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How to Answer Rude Questions
By Debby Mayne. Etiquette Expert
Debby grew up in an Air Force family, with etiquette and good manners being essential at all times. Her mother sent her to a 6-week department store charm school for children where she learned posture (the old book on the head routine), poise, and how to drink tea without spilling it. After she graduated from high school, she went to the University of Southern Mississippi and joined a sorority where she learned even more layers of etiquette. Her southern parents and grandparents considered using the correct fork and knowing how to write thank you notes as fundamental as breathing and eating. She is bursting with the desire to share her knowledge with the world. Read more
We ve all been asked rude questions that are no one else s business. Although everyone slips up every now and then, some people seem to have a knack for always sticking their foot in their mouth or making some sort of social faux pas.
These people are often unaware that they re exhibiting bad etiquette, but even if they know what they re doing, you should never stoop to getting back at them with bad manners. Your comeback should be said with a smile and an even tone. If possible, use humor to soften your response, and then change the subject.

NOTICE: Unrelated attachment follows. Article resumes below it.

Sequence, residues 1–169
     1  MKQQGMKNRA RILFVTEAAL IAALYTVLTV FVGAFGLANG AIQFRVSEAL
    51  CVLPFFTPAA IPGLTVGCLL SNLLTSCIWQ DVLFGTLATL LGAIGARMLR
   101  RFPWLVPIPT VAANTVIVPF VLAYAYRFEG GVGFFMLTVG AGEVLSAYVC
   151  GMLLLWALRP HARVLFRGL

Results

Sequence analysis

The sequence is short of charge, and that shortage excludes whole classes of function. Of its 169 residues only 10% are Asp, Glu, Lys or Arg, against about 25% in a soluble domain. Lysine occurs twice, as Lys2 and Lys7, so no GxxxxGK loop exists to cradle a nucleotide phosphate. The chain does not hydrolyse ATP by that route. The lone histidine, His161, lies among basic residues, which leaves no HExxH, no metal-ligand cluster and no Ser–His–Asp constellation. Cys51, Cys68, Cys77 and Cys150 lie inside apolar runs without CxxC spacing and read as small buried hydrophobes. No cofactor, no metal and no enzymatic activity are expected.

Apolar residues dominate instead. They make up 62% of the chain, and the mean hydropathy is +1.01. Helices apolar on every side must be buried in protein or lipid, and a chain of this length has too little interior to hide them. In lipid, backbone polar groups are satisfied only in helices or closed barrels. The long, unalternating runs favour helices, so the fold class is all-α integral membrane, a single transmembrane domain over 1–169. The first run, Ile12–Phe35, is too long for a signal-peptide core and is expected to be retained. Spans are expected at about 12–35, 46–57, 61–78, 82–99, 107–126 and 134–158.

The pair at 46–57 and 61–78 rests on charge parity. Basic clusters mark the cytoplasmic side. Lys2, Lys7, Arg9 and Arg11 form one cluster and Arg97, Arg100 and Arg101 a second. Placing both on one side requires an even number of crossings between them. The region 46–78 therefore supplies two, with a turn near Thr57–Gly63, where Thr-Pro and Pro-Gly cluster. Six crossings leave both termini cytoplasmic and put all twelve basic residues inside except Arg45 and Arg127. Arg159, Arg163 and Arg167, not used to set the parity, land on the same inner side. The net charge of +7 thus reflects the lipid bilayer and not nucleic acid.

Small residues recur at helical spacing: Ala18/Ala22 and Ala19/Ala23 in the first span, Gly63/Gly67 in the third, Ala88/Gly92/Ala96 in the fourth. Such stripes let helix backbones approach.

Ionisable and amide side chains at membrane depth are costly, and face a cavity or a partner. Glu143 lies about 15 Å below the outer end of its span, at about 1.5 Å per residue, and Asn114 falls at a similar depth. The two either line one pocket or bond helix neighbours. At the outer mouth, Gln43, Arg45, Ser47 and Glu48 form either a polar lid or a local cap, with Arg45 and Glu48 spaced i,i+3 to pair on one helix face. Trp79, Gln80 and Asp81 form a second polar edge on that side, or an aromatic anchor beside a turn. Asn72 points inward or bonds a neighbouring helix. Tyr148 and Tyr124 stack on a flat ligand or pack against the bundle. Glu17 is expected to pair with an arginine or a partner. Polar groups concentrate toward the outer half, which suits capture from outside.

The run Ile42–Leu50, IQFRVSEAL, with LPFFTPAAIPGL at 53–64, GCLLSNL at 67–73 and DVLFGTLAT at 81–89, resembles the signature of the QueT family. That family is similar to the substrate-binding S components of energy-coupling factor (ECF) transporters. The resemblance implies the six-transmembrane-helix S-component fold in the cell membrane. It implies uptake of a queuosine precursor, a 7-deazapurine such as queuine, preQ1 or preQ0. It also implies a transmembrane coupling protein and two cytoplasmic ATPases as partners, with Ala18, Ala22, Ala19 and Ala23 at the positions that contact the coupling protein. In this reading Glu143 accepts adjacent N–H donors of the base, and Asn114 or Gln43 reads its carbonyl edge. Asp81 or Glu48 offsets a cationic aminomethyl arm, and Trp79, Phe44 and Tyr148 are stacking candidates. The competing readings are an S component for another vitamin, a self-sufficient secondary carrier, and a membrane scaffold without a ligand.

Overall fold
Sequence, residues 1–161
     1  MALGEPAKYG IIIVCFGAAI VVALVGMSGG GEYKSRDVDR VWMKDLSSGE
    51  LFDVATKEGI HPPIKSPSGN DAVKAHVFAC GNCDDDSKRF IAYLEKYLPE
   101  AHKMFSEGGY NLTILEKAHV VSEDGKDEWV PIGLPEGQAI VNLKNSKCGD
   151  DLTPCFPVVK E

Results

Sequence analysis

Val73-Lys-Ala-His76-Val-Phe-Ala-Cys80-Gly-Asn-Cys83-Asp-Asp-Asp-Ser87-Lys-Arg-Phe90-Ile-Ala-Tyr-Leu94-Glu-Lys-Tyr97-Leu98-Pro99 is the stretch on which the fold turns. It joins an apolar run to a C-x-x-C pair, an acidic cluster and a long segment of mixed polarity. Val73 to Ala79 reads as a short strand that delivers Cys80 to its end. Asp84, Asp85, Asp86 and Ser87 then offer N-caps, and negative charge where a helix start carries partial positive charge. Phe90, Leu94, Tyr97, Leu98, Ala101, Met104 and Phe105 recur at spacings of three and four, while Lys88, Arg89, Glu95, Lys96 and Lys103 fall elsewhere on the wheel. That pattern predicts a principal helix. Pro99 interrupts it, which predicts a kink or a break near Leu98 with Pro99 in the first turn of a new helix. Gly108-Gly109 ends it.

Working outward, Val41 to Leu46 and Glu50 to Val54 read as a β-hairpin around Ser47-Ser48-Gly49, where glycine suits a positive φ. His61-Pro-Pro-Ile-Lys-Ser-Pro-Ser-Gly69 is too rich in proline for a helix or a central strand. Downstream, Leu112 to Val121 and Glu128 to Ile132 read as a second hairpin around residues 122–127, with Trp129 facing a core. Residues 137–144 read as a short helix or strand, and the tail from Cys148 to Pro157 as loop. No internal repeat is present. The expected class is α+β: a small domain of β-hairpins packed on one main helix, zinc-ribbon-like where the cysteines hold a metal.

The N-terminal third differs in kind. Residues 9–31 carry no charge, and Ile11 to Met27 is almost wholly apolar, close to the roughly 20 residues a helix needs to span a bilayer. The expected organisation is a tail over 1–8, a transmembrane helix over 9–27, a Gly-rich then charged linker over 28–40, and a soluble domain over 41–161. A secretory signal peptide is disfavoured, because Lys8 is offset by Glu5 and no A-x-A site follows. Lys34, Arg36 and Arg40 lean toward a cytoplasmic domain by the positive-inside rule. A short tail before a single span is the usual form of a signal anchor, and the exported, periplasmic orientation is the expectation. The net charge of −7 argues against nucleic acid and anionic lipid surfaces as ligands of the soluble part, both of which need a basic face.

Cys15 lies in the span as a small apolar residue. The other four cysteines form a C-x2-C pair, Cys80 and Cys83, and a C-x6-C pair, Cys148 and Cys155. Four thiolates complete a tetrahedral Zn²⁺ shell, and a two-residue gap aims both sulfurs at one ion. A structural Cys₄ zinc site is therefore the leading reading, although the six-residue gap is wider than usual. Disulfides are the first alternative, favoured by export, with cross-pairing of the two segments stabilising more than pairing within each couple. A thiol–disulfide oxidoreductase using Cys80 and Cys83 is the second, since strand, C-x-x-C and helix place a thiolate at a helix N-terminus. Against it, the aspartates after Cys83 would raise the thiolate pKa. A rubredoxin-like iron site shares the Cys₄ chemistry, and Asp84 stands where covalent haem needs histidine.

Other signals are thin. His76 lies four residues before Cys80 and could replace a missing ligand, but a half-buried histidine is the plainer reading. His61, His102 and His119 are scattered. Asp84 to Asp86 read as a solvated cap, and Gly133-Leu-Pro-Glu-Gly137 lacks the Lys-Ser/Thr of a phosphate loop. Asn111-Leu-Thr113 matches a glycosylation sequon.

For times that you find yourself in the awkward position of being interrogated by a rude person, you need to arm yourself with some answers that will let him or her know that you consider the questions rude. There are several ways to handle these people: with the answer they are looking for, with a quippy comeback, or with a way of letting them know that you consider them boorish for asking such a question.
Certain rude questions tend to come up more frequently than others. Before you walk out the door, make the decision to maintain good manners and not be that nosy person. If you are on the receiving end, be prepared with answers that let the other person know what you think of his or her nosiness with as much poise as you can manage.
If you have children. start early and teach them questions not to ask. Most kids are naturally inquisitive, so direct them to more appropriate conversation.
1. How much money do you make?
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This question about money is quite common, even though it is considered rude and nosy to ask. You have several options on how to deal with it. Your answer will be different if the person asking is a coworker than if the question is coming from someone sitting next to you on an airplane .
Another thing you might do is answer with a quippy, “Enough to pay my bills and have a little fun,” or “Not nearly enough to do everything I’d like to do.”